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Some assembly is required. This is the way.

You may have recently completed a Lego set gifted to you for Christmas. In our case, The Mandalorian Helmet sits on a shelf with the deserving prestige and magnificence. However, before its coronation, we had two remaining pieces at completion. In detail, we went through the instructions seeking our misstep, but we found no evidence that we missed assembling a piece. Accepting that we assembled the helmet correctly, we took the next step to understand why Lego may sometimes provide additional pieces.

This Is the Way. - The Mandalorian

Why do Legos send extra pieces?

There are a variety of articles that explain that this is common. As Lego places pieces in choreographed bags for an assembly, they fill bags based on a target weight. With the complex pieces weighing significantly more than a fumbling 1x1 piece, getting an additional large or complex piece is rare. Due to the weight inaccuracies, getting some extra smaller pieces is common. Lego accepts the risk of giving extra smaller pieces versus the price of an annoyed customer who cannot finish an assembly. Problem solved. This is the way.

Lego sets are filled with conveyor belts that fill each bag with different pieces to a pre-programmed weight. This process is accurate for large elements, but not for smaller and lighter Lego pieces. Because of this, each bag is set to be filled with slightly more pieces than necessary. Taylor Whiteman -

Some assembly is required in job kits

If you have a mature organization that kits parts for jobs in a manufacturing department, you may experience similar scenarios. Job kits have components that are not always drop-in ready. For example, most gearboxes shipped are not filled with oil and require oil before operation. In most cases, some assembly is required when the spare parts are delivered and ready to be installed.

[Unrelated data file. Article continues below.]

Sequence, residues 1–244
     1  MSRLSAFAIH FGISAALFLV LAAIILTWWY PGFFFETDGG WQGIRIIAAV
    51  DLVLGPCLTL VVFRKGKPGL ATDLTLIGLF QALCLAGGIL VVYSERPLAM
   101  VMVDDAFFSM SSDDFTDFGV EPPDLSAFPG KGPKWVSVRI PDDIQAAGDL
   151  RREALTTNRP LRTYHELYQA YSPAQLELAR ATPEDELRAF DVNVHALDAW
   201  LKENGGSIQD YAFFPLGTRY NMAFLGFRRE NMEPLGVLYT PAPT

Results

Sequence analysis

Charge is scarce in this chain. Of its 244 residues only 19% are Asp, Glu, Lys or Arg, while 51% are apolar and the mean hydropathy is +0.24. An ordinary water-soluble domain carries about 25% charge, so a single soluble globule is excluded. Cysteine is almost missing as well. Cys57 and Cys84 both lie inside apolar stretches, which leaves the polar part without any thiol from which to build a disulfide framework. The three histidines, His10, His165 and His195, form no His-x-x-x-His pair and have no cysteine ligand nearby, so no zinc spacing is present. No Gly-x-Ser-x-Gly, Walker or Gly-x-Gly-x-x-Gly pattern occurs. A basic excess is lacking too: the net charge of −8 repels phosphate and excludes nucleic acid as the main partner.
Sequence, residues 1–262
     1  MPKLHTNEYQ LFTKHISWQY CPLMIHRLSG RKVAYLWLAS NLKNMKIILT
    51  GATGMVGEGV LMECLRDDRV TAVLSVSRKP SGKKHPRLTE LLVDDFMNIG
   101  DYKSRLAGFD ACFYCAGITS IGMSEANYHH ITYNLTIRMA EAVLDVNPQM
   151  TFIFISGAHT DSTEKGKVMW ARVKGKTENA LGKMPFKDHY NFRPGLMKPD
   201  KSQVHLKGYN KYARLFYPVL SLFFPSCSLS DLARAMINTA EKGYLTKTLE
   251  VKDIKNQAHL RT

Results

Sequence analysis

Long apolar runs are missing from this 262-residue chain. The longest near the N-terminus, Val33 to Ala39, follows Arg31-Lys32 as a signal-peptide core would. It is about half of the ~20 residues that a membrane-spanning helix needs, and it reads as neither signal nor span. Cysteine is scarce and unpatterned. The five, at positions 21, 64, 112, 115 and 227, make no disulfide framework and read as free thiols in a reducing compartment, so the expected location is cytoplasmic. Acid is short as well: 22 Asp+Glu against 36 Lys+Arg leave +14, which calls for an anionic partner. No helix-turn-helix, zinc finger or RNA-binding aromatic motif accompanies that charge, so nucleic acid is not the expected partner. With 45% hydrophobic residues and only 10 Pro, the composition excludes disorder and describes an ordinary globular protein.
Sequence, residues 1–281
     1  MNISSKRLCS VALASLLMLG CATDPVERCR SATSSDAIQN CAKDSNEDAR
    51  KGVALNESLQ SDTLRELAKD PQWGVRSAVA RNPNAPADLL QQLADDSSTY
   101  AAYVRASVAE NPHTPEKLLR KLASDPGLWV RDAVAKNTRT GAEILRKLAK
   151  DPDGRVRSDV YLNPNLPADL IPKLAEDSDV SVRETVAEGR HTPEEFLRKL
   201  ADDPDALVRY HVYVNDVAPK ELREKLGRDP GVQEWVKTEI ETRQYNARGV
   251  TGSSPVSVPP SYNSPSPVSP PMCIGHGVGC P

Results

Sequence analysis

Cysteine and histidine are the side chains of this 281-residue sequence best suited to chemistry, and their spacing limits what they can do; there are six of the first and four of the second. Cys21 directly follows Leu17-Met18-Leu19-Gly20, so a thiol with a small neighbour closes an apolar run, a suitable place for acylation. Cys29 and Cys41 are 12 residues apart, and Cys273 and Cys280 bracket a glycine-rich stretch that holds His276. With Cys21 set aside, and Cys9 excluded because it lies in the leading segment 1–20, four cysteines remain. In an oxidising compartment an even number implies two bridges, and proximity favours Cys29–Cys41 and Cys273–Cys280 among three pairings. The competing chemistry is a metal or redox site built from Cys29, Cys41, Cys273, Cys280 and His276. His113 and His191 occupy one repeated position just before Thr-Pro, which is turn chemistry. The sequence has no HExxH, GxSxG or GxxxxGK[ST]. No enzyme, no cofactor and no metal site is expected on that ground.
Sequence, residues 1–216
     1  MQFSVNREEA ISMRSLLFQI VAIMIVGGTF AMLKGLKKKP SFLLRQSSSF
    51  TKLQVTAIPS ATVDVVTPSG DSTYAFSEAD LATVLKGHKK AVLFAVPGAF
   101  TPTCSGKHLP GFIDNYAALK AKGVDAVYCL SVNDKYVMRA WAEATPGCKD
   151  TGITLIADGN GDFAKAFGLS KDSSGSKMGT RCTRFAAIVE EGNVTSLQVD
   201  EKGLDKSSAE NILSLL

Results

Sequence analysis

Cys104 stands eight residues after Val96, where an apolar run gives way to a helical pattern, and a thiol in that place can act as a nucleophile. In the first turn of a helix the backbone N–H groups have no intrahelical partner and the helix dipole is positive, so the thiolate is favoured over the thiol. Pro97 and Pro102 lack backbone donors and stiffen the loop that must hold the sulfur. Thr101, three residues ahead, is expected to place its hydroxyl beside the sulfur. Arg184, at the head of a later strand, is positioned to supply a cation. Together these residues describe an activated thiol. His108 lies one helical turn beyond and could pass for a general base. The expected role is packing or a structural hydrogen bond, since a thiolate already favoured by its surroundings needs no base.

Sending extra pieces in job kits

Like Lego, some kitting departments may intentionally send a few extra pieces. Putting a few extra bolts, washers, and nuts in a kitted job may improve the installation efficiencies when a bolt gets dropped or the threads become mangled. But this is not always true. If parts get shipped to a production unit from a kitting processing area and there are leftover pieces, do you encourage your departments to ask why? 

To Din, "This Is the Way" embodies what it means to be a Mandalorian, and it includes a code of traditions and ideals they all must uphold. They don't take off their helmets, ever, and if they do, they must atone for the sin (which Din is set on doing in season three). - Popsugar

If you have extra pieces, do the extra diligence to understand why. Like the Lego situation, encouraging your teams to dig into the assembly instructions is critical to determine if you missed something or got shipped a few extra pieces. If you are finishing a job and see an extra complex piece, there is a good chance something is missing in the assembly. Shipping extra complex pieces is atypical. This is the way.



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